Research Ideas and Outcomes : Research Idea
Research Idea
Idea of an experimental technique for quantitative passive gamma emission tomography on irradiated nuclear fuel assemblies
expand article info Peter Jansson
‡ Uppsala University, Uppsala, Sweden
Open Access


An idea is presented in which passive gamma emission tomography of irradiated nuclear fuel is developed to enable quantitative information of the spatial activity distribution of selected isotopes within the fuel rods of the assembly. The idea is based on using well-known calibration sources mounted in the measurement device during measurement. The image reconstruction would include the sources, thereby enable quantification of the activity distribution. Should the idea be proven viable, the outcome would be valuable to the global community dealing with characterisation of nuclear fuel in terms of safety, security, safeguards and fuel development.


tomography, nuclear fuel, passive gamma emission tomography, reconstruction, calibration, GET, PGET, QuantGET, QGET

Overview and background

The tomographic reconstruction measurement techniques used widely in medicine have in the recent decades also found its way into the field of characterisation of irradiated nuclear fuel assemblies, see e.g. Smith et al. (2016). One reason why passive gamma emission tomography is useful for nuclear fuel characterisation is that the measurements can be performed non-destructively without touching or dismantling the fuel assembly. The non-destructive property of the measurement is important for safety and security of handling highly radioactive materials that also contain fissionable materials, such as nuclear fuel assemblies that have been irradiated in a reactor. Two examples: a) in post-irradiation examination experiments for e.g. development of new nuclear fuel types, the measurements can be performed on an intact fuel rod which later can be re-inserted into a reactor for further irradiation, see e.g. Jacobsson (2004), Holcombe (2014). b) In safeguards for non-proliferation of special nuclear materials, the measurements can be performed to identify missing or manipulated fuel rods without the need to dismantle the assembly, see e.g. Jacobsson et al. (1997).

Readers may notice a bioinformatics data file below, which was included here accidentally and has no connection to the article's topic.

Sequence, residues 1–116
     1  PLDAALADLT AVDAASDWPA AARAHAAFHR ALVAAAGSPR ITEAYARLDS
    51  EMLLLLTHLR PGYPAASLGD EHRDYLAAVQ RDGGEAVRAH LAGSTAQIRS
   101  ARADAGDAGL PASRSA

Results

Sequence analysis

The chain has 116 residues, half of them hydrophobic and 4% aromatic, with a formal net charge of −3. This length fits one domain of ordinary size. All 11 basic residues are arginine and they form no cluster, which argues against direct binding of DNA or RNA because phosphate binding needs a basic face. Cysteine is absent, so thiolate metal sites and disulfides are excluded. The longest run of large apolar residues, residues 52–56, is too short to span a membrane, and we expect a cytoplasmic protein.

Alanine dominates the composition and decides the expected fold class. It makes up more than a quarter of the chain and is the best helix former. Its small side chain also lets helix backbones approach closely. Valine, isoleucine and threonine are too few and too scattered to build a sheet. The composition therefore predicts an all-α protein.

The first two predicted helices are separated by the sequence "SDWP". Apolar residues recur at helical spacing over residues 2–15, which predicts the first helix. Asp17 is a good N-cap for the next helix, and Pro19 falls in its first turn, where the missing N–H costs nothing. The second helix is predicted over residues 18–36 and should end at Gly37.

For passive gamma emission tomography applied to nuclear fuel, the images produced in the mathematical reconstruction of the measurement data are usually of a qualitative or relative nature. I.e., images are produced where an image pixel intensity is proportional to the emission rate of a particular gamma energy, or for a range of gamma energies, from the location/area in the fuel assembly corresponding to that pixel.

Recently, it has been identified that quantitative evaluation of the spatial activity distribution of a measured isotope is of interest, so that the image pixel intensity can be used as a direct measure to quantify the activity in the pixel area, e.g. in the unit of Bq/mm3, see Fang et al. (2021). Currently existing tomographic measurement devices developed for nuclear fuel studies contain one or a set of detectors that measure the radiation intensity from the measured fuel assembly in many specific directions or measurement locations, see e.g. Jansson et al. (2006), Holcombe (2014), Honkamaa et al. (2014), Smith et al. (2016), Miller et al. (2017). A quantitative evaluation of the activity distribution using these devices would require detailed, and sometimes difficult-to-asses, knowledge of the spatial attenuation distribution of the full measurement geometry as well as a characterised detector system where intrinsic detection efficiencies need to be well understood. Backholm et al. (2020) have tested simultaneous reconstruction of the spatial distributions of both attenuation and activity, however still producing images with relative data used for classification of the presence or absence of a nuclear fuel rod.